In Infinite Jest, David Foster Wallace played explicitly with this pattern working on multiple levels. Buildings that become alive, conscious. Forms that are shaped-as, but that also become. Prosthetic bodies. The MIT thing from where Madame Psychosis plays her night drama is shaped like a brain. In “The Broom of the System” the town is shaped like a human profile, and by the end of the book it actually comes alive. Again in Infinite Jest the human double bind that is often described in various forms represent what I just described in the Israeli–Palestinian: a vicious circle. Which is the symbol that opens every chapter. “Annular”, is a keyword of the book. If in a single person the anxiety’s double bind is a vicious circle that seemingly goes on forever dispersing endless psychic and physical energy, this becomes the inspiration to create a kind of vicious circle that, based on trash (which also is a psychological projection), can produce actual energy to power the whole of United States. Forever. Annular Fusion. And “annular” is also the shape of the conscience in the mind. And annular is the structure of Infinite Jest, the book itself, looping on itself. Ending where it starts (but missing a year). It’s both parody and projection on the large of what happens instead “within”.
The same suggest the Kabbalah in that video, but literally (the spiritual self and its struggles projects the physical world and its struggles), and the same I described, more metaphorically, with the Israeli–Palestinian conflict.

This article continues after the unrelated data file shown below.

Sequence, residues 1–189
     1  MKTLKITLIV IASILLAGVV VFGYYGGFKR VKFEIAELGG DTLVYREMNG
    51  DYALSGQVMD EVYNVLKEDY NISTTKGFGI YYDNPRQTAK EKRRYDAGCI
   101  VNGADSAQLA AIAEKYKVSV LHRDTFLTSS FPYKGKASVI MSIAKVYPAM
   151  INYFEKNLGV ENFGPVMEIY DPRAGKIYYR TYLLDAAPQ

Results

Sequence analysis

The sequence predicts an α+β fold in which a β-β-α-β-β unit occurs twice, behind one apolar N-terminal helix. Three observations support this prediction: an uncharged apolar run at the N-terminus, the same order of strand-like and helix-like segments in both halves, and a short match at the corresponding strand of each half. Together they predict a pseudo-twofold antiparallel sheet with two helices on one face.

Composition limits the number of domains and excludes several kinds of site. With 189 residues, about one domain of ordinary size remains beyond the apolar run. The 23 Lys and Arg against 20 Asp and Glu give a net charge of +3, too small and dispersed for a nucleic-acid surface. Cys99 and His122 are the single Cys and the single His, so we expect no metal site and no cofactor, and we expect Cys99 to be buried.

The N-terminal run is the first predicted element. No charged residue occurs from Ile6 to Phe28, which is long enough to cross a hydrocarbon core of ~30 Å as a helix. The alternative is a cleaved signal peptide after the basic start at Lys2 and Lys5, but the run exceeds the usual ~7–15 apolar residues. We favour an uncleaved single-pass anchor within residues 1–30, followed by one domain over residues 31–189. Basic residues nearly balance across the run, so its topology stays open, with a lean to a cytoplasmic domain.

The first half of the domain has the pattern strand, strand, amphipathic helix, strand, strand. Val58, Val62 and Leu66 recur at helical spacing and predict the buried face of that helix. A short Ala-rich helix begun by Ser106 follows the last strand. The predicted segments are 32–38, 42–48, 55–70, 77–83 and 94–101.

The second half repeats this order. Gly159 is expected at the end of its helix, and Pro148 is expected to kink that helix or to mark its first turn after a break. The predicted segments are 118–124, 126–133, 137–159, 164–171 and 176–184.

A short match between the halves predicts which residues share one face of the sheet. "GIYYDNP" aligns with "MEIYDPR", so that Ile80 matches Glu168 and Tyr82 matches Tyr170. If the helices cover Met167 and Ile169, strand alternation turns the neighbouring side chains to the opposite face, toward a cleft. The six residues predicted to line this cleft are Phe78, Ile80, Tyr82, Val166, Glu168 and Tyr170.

Is the real annular fusion the ring of self-consciousness that leads us to feel trapped in our solipsistic cells?
Whether you believe in the hard form of projection (Kabbalah), or the weaker, merely metaphoric and symbolic one I described, I think the form of the pattern I just described can “explain” why this conflict goes on forever and seems at the same time completely ridiculous and yet so dramatic and unsolvable. Because it’s just so deep in all of us, and it’s out there, reminding us the way we are. No so different, or “better”, as we like to think. Nor stranger, or so far away, and “safe”, really.
This means that the Israeli–Palestinian conflict won’t be solved by just putting each in its own territory. That’s only fuel for the worst to surface again and again. The conflict will be solved when they’ll be able to be together (a mind can’t do without a body, go figure), realizing there’s no difference between them, and that to live in happiness they need each other. You know, brothers and sisters, and all that rhetorical banality.
This is a weird movie. A bit like Malick’s The Tree of Life, with a much narrower scope and ambition. But the themes that feed this movies are also the themes I tend to write about. All about consciousness, invisible hands that shape things, awareness and so on.